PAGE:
West Coast Tour Diary | Sacramento
When I was 18 years old, I got lost in Sacramento. There were no smart phones to speak of, no google maps. Just a tired old Rand-McNally roadmap from the 70's that I had "borrowed" from my parents mini van. Turning the map over and over, I was now trying to figure out which way was up as I sat in the parking lot of an abandoned skate rink while my 1965 VW beetle idled in sputtering pops beneath me. "Where the f*ck am I?", I said to myself.
I was in Sacramento.
(Image via Flickr : by twoGiraffe)
And it's not the last time I would express my "affection" for the winding roads, endless traffic, criss-crossed neighborhoods and one way streets that never seem to head in the direction you are going, or rather, that you need to go. Now don't get me wrong, it's not that I don't like Sacramento. it's that I don't like driving in Sacramento. I'm sure that's what people from there say about San Francisco, maybe next time I will bring a local Tour Guide.
That said, Sacramento, like San Francisco, is an amalgamation of opposites. New things are old, old things are new. Reinvented and turned on end in ways that I never seem to understand. Which is exactly how I felt when I arrived at what appeared to be an hourly motel-cum-office building-cum-cafe-cum-music venue. Loud art colliding with industrial furnishings and exposed brick in a neighborhood cafe. Kind of reminded me of Bazaar Cafe back home, but a little more… bazaar. However, they do have some of the nicest staff I've ever worked with at Naked Coffee, or rather "Naked Lounge" depending on what 20 feet you were standing in, so as you can imagine, a place with that much personality is really charming to me. Now I've played Sacramento before. Even tinier cafes, dive clubs and underground bars. Music venues in Sacramento run the gamut from beer stained dives to happy hour hostels with everything in between. Why should I be surprised that a music venue could be all these things and still get the music right. And they do get the music right.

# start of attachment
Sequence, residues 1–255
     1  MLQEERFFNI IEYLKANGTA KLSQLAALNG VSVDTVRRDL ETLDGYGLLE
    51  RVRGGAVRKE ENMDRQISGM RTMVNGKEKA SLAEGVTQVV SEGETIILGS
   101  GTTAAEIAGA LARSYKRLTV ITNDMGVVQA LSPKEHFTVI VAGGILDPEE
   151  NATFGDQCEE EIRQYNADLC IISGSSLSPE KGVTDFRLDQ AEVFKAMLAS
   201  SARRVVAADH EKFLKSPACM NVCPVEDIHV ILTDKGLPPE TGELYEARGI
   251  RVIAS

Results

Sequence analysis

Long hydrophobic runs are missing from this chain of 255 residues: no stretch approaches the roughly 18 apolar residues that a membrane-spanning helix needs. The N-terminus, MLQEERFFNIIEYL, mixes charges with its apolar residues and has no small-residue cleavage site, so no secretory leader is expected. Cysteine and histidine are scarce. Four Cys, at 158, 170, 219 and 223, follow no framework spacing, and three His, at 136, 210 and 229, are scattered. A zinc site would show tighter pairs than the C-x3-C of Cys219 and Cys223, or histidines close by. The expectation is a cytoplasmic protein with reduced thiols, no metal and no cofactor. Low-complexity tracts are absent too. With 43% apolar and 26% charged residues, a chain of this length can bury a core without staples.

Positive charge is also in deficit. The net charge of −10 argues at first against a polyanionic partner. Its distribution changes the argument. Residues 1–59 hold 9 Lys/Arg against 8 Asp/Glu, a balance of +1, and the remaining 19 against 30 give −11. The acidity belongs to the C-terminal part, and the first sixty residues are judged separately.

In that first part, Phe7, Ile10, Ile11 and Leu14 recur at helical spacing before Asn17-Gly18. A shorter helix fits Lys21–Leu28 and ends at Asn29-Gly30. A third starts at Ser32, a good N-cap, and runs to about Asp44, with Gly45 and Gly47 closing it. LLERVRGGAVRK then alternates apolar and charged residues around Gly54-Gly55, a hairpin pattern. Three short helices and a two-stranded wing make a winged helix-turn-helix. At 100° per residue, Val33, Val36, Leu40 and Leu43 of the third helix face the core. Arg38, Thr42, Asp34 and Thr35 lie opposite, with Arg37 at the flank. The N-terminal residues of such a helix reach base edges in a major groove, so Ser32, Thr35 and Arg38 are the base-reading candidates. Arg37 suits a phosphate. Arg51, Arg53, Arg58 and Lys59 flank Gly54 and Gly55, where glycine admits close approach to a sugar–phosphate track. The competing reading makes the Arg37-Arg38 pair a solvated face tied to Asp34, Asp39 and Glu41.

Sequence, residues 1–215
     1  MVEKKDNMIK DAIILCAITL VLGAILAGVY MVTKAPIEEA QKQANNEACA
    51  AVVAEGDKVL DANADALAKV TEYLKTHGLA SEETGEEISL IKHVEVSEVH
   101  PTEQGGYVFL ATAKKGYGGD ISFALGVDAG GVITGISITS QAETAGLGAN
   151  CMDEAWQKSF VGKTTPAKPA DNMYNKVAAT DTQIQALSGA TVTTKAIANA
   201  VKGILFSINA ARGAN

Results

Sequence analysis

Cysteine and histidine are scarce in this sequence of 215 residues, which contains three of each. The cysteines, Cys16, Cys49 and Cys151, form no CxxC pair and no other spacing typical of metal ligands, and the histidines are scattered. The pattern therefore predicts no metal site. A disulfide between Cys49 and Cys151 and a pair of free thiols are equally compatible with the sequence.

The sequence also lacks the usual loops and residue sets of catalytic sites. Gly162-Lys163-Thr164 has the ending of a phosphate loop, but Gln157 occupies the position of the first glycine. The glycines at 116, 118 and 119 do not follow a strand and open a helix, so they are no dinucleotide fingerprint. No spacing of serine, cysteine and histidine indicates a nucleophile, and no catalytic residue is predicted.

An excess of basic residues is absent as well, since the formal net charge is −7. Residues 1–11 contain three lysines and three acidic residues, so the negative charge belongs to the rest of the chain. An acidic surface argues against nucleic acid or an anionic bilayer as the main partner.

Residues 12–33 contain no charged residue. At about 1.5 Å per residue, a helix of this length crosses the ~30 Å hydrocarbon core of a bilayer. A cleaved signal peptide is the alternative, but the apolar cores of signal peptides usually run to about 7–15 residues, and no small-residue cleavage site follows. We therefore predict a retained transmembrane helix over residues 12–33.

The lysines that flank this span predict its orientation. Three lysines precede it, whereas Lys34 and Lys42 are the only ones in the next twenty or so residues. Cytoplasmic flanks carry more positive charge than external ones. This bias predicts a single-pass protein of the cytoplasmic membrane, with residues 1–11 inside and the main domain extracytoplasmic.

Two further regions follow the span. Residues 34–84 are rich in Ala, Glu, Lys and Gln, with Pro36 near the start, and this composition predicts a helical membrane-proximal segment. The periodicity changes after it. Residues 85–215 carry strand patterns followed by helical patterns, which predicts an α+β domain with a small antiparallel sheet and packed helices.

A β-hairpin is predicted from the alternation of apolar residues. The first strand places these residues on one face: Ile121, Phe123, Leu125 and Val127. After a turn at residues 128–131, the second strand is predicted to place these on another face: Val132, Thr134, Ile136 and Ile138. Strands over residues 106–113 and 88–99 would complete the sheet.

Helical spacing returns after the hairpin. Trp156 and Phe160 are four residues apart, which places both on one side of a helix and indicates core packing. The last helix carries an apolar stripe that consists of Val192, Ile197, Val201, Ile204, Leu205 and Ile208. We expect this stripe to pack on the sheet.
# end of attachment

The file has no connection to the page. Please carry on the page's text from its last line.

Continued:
The opening acts for the evening were some of the nicest guys and the most talented gypsy jazz players I've heard in a long time. They transported myself and the audience to New Orleans, the French Quarter and to the Parisian Left Bank. It was so much fun to see their music set the mood of the room for the evening. The crowd trickled in from far and near, reuniting me with old friends, (which seems to be this tour's theme) and connecting me with new friends alike. Some had driven over an hour to the show and although I didn't go on until 10pm, (on a Wednesday mind you,) they stayed and listened, and laughed and cheered and even sang along well into the night. I was having so much fun, I hardly realized how long I had been playing until I ran out of songs to play. And as every good party must come to an end, I played my last song and stepped off the stage feeling content.
I started to pack my guitar and I couldn't help a sense of shock come over me as I heard them pour on the applause for an encore. The small, but mighty crowd in this city were showing me once again how lucky I am to be playing music for a living, for these fans, in this place... "An encore? On a Wednesday night? Where am I?" I thought. I looked out to the smiling faces and it came to me, "I'm in Sacramento".